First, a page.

Playing goes hand in hand with imitation

Games for children that imitate adult activities are important for growth

Child plays imitating adult

I do what you do

For children, games are not simply a source of fun - they are also fundamental in enabling them to get to know themselves and their surrounding environment, from early explorations of objects to a conscious knowledge of reality. Accordingly, constructing a sense of reality relies in part on the process of imitation.

A good example set by adults

During the second year of life, children begin to mimic the situations that they encounter on a daily basis; they begin to interpret the family environment in an imaginative way and love to imitate adult activities, choosing games that simulate the world of grown-ups. Mummy in the kitchen preparing dinner, the mechanic who repairs daddy's car, the carpenter who restores granny and granddad's furniture - they all become irresistible examples for imitation. These are all great stimuli for the cognitive development of the child, and help little ones to construct an image of themselves and a sense of their own identity.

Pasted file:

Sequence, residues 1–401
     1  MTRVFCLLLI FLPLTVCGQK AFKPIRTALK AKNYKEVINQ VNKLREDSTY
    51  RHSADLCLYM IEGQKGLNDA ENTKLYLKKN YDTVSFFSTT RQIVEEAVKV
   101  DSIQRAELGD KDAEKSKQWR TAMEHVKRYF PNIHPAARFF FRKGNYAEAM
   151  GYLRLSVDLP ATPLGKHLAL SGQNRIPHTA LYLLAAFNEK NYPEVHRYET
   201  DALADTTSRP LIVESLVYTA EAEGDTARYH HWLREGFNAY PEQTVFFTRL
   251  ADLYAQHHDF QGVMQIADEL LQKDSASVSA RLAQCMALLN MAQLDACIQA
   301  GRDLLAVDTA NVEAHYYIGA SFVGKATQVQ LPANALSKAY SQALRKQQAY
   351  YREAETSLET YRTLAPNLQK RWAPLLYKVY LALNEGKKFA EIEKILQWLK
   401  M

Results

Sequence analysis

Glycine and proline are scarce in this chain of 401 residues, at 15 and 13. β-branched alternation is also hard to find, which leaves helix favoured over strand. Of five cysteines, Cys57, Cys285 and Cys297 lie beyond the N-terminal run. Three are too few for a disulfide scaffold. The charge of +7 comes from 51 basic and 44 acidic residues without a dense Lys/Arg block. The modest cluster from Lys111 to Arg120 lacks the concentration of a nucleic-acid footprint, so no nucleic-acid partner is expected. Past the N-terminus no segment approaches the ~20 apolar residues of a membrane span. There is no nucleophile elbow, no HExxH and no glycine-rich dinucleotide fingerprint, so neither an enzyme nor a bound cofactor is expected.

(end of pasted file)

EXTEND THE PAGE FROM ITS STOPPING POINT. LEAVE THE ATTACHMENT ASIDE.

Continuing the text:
Toys for imitating grown-ups

Toys for children that replicate the objects used by adults are therefore ideal at this stage, and very appealing to little ones. At a period during which children have a heightened ability to grasp the sounds that make up language, it may be useful to provide them with bilingual toys that not only enable them to imitate grown-up activities, but also help to familiarise them with the first words of a foreign language in a fun and entertaining context.

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